Matthew Rice continues his series on market towns with an examination of Northamptonshire’s most perfect example
OUNDLE is perhaps the most perfect of Northamptonshire’s market towns. This ancient settlement stands above the River Nene as it flows north-eastwards to King’s Lynn, making it the perfect place to stop and swim on a baking-hot drive through the landlocked counties of Middle England.
Oundle is today best known as home to the public school of that name, established as Laxton’s Grammar School after 1556, although there had been a school there since 1485 (Eton was founded in 1440 and Winchester in 1394). Sir William Laxton was Lord Mayor of London. The school doesn’t dominate the town architecturally, but, rather, has, octopus-like, spread its tentacles into many of its best buildings. These have telltale labels signalling that they belong to Gown not Town.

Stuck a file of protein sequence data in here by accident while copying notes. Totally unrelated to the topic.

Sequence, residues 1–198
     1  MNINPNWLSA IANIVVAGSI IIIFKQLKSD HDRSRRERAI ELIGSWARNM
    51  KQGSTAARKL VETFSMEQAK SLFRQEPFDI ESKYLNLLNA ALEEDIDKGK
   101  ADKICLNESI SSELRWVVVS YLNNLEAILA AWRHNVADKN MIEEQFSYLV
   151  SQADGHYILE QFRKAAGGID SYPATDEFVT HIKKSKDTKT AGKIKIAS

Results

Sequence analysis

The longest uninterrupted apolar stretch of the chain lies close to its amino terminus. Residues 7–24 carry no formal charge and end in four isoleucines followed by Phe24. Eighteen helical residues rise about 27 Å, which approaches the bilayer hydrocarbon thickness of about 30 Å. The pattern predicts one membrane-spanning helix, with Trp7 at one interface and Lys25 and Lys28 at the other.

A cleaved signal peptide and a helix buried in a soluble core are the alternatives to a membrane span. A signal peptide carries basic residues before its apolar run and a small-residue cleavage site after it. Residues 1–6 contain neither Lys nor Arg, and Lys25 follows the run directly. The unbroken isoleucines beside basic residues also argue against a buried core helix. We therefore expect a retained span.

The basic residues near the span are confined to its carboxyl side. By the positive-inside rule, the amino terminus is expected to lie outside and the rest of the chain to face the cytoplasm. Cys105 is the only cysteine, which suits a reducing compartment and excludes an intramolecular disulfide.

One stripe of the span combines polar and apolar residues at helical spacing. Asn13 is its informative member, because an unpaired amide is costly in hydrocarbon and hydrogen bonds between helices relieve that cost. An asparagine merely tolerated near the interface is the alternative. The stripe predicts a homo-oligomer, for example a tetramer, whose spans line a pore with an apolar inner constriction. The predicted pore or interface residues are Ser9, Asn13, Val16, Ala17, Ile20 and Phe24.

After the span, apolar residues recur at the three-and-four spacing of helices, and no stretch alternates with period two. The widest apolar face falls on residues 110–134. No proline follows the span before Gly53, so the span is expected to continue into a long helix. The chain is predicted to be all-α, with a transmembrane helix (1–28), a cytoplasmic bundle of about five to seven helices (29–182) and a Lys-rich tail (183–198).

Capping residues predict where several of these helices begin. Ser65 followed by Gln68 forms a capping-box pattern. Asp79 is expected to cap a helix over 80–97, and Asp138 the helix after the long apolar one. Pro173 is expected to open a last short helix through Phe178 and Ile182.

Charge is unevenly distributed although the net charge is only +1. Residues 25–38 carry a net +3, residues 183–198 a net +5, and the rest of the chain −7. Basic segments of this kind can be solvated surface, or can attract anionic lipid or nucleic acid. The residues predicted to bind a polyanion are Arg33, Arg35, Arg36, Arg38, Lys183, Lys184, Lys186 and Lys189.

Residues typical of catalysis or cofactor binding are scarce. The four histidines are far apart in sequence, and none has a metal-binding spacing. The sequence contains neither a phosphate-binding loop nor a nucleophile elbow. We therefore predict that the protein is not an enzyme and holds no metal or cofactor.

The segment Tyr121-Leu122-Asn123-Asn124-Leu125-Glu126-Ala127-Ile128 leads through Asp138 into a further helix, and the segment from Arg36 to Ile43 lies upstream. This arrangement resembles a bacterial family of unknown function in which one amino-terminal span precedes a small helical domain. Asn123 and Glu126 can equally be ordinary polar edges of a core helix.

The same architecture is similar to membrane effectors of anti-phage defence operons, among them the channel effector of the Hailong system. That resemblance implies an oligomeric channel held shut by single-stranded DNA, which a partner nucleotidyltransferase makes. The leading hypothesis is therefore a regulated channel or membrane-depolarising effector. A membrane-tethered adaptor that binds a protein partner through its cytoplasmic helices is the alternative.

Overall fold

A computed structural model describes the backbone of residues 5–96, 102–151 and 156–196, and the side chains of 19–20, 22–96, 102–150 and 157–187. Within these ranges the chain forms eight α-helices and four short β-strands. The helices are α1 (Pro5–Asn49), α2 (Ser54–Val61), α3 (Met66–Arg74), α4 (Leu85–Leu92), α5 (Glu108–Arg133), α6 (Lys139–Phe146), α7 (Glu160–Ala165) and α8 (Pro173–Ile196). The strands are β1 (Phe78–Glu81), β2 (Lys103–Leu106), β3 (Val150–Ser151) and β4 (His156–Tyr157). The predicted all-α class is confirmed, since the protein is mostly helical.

Oundle has developed around its market, established in 1189 under Richard I. On Thursdays, the long marketplace is filled with stalls that stand close to a rather stolid market building of 1826 (it replaces a market cross of 1591). Continuing from there is West Street, with one good building after another, dating from the 17th to 20th centuries.
All are linked by the use of the same fine-grained, elegantly worked limestone, as Oundle sits on the Oolitic belt, the band of limestone that runs from Dorset through Wiltshire, Gloucestershire and Oxfordshire and continues through the East Midlands to Yorkshire. Oolite ranges in colour from deep iron-rich orange to pale dove grey. It’s perhaps at its most refined in Northamptonshire, where, in a muted grey-ochre form, it characterises the villages and towns.
The stone is easily workable when quarried, encouraging decoration of even the most humble buildings, and hardens with time to provide longlasting and sharp detail. This homogeneity of material, further emphasised by the use of stone as a roofing material, gives towns in the limestone belt their distinctive character and beauty.
Moreover, Oundle was never significantly industrialised, so it remains a perfectly preserved model of a Georgian market town of the Shires.